Yuliya Ardasheva, a faculty member at Washington State University Tri‑Cities, has received one of two national Mid‑Career Awards from the American Educational Research Association’s Second Language Research Special Interest Group.
Ardasheva is an associate professor within the College of Education, where she focuses her research on English/Bilingual learners’ language and academic development. The awards committee were impressed with Ardasheva’s “robust and coherent research portfolio.”
It’s research that, for Ardasheva, hits close to home. She said she came to the United States at 27 years old, “not speaking a single word of English,” having already earned bachelor’s and master’s degrees in her native language. She planned on earning her Ph.D. in the United States.
“I originally got interested in second language development because I have an understanding what individual students of different ages may need to build on their strengths and what they may need to capitalize on what they already know in their native languages,” she said.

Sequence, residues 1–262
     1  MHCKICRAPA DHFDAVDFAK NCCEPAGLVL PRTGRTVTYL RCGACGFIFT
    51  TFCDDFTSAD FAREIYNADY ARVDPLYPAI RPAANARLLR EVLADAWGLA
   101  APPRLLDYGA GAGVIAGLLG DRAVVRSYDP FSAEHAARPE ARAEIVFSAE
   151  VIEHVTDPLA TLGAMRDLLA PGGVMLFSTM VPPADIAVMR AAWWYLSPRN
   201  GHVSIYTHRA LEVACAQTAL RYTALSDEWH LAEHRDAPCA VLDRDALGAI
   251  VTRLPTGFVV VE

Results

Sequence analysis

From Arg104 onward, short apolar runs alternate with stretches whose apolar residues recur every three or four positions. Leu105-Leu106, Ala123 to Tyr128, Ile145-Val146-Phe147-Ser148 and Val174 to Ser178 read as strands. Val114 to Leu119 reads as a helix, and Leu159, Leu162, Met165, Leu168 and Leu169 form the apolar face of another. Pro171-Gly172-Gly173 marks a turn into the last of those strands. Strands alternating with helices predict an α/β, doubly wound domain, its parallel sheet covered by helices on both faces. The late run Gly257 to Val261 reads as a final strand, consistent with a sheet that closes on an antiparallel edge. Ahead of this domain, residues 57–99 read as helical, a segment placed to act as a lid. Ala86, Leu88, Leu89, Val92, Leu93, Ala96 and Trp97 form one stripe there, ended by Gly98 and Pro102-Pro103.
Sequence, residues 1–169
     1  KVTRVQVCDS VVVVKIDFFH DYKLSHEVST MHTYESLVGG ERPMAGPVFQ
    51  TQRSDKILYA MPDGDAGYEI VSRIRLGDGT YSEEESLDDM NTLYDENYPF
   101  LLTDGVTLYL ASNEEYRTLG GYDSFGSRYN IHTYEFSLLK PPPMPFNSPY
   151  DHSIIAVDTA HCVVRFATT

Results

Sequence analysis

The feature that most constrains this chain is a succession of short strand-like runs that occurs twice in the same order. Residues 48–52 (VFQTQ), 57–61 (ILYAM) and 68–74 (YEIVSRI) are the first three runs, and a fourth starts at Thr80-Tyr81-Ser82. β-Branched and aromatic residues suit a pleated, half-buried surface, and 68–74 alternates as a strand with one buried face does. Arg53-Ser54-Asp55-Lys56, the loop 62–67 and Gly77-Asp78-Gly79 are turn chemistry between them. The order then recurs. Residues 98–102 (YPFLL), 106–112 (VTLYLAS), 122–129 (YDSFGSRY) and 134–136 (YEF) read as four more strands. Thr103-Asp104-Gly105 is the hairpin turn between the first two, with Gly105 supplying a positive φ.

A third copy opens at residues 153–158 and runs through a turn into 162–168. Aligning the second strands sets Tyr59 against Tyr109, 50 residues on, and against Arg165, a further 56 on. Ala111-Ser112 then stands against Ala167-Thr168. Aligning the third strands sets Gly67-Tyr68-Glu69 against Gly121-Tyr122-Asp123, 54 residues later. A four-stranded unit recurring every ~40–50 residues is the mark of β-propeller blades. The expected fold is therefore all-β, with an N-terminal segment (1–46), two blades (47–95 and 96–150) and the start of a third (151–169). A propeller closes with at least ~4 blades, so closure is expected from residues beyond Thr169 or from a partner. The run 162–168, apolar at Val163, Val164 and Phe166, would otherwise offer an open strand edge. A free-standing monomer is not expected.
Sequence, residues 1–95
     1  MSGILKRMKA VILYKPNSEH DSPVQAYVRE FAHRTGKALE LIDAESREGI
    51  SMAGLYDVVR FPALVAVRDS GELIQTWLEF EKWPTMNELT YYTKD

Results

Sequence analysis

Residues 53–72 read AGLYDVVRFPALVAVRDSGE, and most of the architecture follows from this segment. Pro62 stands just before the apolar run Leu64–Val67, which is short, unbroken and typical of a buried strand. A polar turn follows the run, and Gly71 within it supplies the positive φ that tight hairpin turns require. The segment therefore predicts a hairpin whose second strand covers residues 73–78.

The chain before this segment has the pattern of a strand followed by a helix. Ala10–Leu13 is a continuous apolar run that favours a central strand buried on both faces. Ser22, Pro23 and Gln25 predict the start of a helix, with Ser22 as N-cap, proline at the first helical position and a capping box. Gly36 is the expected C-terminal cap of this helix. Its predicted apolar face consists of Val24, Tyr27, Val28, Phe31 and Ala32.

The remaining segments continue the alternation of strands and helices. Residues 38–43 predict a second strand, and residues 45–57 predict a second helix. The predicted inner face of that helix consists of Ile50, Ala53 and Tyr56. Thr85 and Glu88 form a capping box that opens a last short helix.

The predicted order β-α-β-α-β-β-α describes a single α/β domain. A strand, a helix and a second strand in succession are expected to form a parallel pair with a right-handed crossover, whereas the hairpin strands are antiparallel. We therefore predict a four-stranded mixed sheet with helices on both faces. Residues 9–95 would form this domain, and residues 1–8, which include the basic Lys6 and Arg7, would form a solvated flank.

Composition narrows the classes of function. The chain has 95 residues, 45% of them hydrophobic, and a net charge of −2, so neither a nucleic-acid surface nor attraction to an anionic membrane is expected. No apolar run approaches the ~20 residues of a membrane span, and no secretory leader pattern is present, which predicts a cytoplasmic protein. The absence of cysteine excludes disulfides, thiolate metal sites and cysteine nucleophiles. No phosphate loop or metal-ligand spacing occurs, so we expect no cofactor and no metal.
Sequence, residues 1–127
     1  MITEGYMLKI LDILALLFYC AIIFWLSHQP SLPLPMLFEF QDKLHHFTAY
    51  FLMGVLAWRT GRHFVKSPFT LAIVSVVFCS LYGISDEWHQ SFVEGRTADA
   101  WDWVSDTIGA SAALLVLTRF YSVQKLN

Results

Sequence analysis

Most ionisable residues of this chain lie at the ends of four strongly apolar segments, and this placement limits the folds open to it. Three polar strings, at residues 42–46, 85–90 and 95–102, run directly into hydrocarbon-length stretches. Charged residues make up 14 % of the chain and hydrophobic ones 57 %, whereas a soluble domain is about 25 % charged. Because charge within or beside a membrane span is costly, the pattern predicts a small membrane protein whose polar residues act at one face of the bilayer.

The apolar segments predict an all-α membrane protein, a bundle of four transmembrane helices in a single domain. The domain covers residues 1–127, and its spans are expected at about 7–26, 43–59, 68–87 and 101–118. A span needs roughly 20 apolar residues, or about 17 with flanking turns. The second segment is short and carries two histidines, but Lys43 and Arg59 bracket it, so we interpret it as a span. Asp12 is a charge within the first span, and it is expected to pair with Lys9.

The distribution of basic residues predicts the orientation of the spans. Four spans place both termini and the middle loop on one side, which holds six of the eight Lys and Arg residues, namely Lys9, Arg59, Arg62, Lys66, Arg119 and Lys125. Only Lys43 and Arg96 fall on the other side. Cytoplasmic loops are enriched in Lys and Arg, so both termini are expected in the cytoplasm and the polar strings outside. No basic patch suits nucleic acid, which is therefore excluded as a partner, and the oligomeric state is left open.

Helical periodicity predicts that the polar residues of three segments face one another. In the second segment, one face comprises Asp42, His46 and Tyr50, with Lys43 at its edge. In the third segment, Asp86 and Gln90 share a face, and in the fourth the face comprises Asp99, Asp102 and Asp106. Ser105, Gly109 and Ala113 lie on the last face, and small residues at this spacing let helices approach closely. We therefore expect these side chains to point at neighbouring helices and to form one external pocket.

This line of research began with Ardasheva’s dissertation and her first externally funded project as a postdoctoral student at the University of Louisville. Her role was to develop literacy supports at a portable planetarium for middle and high school students, all part of a Newcomer Academy in Louisville. They spoke 25 primary languages and most of them were refugees from war or conflict zones. As a result, most had interrupted schooling.
“The Academy students only had one year to gain enough English language and content knowledge to integrate the following year into regular education schools, where the majority of teachers typically have no language support preparation,” Ardasheva said.
Her focus was on developing pre- and post-instructional literacy activities aligned with the planetarium experiences. This was to improve students’ science vocabulary knowledge, learning strategy use, oral and reading comprehension. Ultimately, this would allow for building science background knowledge and science concept elaboration.
Since, Ardasheva has published 38 peer-reviewed articles and six book chapters on this and other topics and presented her work at more than 70 national and international conferences.
While the committee cited Ardasheva’s endeavors to advance the field as “evident in (her) prolific and high‑quality publications” and having made a “significant contribution,” Ardasheva herself said the teacher learning and development area of her research is still shaping up.
This work is, in part, supported by a current $2.3 million U.S. Department of Education professional development grant, as well as a recently completed Samuel H. and Patricia W. Smith Teaching and Learning Endowment Grant.